If there will be a united policy on Iran and there is a new (lower) price for oil, then Iran will have to come to terms to a proportionate reality of our times. They have been behaving out of proportion. Dialogue should not just be just by words but by deeds. If you hang only on the tongue then I am not sure dialogue will produce more than speeches. If Iranians feel there is a body politic behind it (the push for talks) and they cannot just escape by sending Ahmadinejad to spread quick wisdom then there is a chance. They have to stop three things: they have to stop trying to control the Middle East, through supporting Hezbollah in Lebanon and Hamas; the second to stop terror, to be the centre of terror, the financing of terror and so on; and third stop the combination of nuclear warheads missiles and threats. As a way of example, if Switzerland were to build a nuclear bomb, we would not be necessarily alarmed. But I would not say Ahmadinejad has a Swiss temperament.

What about Syria?

Syria has a chance and has a dilemma. I think Israel is ready to make peace with Syria and pay the cost. The dilemma is that they can’t be at the same time in the peace camp and in the Iranian camp. Peace is a choice, not a cocktail.

So a land for peace deal on the Golan Heights is a possibility?

If you talk about the land you also have to talk about the peace. In order to give land you must be sure that you got peace. The problem with Syria is not so much the land but the peace. Several Israeli prime ministers indicated that they are ready to give back the land. But the Syrians do not indicate they are ready to provide peace. We shall continue to negotiate. We are not short tempered but neither are we blind.

You are coming to Britain this week, are you upset by the anti-Israel sentiment in the country?

I don’t understand them, what do they want? What the hell are they looking for? We did not go to conquer land — never. We were attacked. Thanks heaven we won the wars without the help of any foreigners. We did not have foreign soldiers on our land. When we tried to make peace we gave back all the land to Egypt and Jordan. I don’t understand the criticism. Why are they criticising us? That war is an ugly story, we know it. I can assure them we did not invite it and we are not happy with it and as we have shown we are ready to pay the cost. I do not take their superior position. They do not go into the realities of the situation. They just want to be politically correct?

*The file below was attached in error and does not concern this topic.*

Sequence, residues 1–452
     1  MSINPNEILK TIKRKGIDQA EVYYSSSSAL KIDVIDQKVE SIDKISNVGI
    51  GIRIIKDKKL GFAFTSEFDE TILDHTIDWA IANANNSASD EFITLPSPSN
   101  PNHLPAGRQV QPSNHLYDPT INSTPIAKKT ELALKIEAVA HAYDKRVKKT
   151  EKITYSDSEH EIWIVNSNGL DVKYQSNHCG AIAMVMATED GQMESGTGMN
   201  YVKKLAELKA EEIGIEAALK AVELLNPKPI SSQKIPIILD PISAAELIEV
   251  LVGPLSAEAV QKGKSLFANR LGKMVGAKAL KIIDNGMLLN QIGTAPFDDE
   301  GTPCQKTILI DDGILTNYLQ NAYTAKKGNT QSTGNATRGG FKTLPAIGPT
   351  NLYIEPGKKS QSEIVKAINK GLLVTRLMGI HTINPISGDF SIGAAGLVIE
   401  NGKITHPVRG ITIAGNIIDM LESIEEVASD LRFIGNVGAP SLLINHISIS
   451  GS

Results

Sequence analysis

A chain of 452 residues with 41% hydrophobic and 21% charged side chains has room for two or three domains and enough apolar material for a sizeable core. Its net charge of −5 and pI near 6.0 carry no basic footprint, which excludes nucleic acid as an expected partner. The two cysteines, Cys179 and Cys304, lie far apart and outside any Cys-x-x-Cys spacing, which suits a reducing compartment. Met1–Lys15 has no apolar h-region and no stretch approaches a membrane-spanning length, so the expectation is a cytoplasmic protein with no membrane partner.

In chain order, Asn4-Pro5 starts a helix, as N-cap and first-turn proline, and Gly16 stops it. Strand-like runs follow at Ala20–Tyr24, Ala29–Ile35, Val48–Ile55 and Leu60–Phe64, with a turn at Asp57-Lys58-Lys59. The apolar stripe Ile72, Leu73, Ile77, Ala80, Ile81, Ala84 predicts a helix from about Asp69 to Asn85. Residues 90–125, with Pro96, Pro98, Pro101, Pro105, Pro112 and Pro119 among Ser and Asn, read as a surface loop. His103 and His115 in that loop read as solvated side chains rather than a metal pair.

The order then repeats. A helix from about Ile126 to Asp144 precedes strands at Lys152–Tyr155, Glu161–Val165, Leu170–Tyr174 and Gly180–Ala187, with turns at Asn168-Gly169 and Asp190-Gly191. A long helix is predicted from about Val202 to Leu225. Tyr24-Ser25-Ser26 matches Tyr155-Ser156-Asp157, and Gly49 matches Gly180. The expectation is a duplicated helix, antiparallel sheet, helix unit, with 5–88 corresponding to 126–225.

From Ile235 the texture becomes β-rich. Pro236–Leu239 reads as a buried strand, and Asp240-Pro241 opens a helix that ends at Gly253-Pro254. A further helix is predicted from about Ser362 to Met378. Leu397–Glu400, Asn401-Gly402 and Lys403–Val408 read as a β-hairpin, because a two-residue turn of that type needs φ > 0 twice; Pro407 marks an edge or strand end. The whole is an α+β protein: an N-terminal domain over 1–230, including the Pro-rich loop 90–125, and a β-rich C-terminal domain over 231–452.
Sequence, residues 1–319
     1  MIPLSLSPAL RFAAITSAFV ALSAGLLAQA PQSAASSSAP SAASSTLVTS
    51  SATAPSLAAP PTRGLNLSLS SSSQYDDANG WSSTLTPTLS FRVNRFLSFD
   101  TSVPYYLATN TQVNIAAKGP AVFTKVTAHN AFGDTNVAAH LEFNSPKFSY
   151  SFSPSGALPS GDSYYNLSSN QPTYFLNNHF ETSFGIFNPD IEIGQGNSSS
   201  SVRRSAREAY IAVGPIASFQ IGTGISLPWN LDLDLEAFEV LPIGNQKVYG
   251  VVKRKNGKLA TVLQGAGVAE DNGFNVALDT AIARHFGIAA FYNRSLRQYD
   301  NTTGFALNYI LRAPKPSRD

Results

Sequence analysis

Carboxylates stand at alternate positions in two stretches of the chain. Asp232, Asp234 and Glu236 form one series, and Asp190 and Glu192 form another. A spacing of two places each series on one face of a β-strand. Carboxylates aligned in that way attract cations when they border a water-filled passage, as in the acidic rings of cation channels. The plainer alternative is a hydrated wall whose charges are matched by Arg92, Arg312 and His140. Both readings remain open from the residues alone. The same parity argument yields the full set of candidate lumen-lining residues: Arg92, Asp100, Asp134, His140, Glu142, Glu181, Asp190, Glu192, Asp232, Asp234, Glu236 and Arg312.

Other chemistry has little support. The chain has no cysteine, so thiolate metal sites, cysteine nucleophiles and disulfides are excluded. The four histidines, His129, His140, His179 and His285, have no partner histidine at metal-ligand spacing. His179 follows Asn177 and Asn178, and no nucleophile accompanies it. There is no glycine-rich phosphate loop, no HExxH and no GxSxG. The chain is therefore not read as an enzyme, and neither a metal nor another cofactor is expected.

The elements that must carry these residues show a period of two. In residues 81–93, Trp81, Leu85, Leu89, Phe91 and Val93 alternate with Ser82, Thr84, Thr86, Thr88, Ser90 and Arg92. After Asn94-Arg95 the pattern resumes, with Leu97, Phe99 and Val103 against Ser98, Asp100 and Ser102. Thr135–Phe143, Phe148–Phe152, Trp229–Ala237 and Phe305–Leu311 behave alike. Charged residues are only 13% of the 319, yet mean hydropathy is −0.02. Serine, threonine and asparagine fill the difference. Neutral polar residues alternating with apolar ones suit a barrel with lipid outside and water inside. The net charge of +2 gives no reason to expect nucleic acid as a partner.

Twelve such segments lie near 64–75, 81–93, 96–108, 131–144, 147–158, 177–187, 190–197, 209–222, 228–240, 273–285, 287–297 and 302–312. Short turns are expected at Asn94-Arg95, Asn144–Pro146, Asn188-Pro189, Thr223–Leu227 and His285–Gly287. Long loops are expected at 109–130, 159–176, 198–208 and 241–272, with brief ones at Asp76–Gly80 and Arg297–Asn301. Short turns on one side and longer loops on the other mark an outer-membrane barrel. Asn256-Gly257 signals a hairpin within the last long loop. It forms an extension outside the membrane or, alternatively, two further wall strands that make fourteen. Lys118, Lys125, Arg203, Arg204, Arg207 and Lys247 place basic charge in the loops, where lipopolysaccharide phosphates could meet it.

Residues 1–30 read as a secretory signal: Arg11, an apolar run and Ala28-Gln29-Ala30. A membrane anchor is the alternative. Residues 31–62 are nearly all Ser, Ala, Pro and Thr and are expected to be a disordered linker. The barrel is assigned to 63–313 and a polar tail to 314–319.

The one most controversial area is the expansion of Jewish settlements, what is being done about that?

Good I am glad you raised it. We left Gaza. We dismantled, not by pressure but our own initiative, 30 settlements by force and look what happened. The minute we left Gaza, we left the settlements, some of them becoming bases for shooting rockets against Israel. The Israelis ask: ‘Do you want us to do it again? To be targeted by missiles?’ Why are they so surprised that we want to make sure it will not happen again?

Has Britain damaged its image in the region because of its role in the Iraq war?

I don’t think so. The biggest failure in Iraq was not Britain but Saddam Hussein. If he had not been stopped in Kuwait he would have gone to Saudi Arabia. He was the greatest killer in the Middle East. He initiated the war against Iran and killed one million people, he killed hundreds of thousands of Kurds and fired missiles at Israel. If he would have remained he would have been a brutal dictator with unlimited ambitions. You don’t have to apologise for trying to bring an end to it. Churchill does not have to apologise for bringing down another brutal dictator. Thanks heaven.

You are 85, you have lived through the whole of Israel’s history, do you expect to see real peace in your life time?

Yes. I don’t say that I will live for ever. From my experiences, behind the door, from time to time, you are not only a tiger but a dove too. I know people who are pessimistic are considered more serious than optimists, but they both pass the same way.

Do you think you will ever visit Damascus or Riyadh?

Yes, oh yes. I never imagined that we would have achieved what we did already. A year ago I would never dream, for example, that the secretary general of the United Nations would invite a person like myself to come to a forum with the King of Saudi Arabia. It is not the full performance, neither is it the old convention.

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November 17th, 2008, 2:53 am


Shai said:


Again I’m making “blatant lies”? Let’s have coffee together and discuss it. I go by Ramat Hasharon quite often. Got some time this week?

November 17th, 2008, 5:07 am


offended said:

So what you’re saying is that since some Syrians are poor you’re allowed to impose a medicine embargo on Gaza?

November 17th, 2008, 5:19 am


offended said: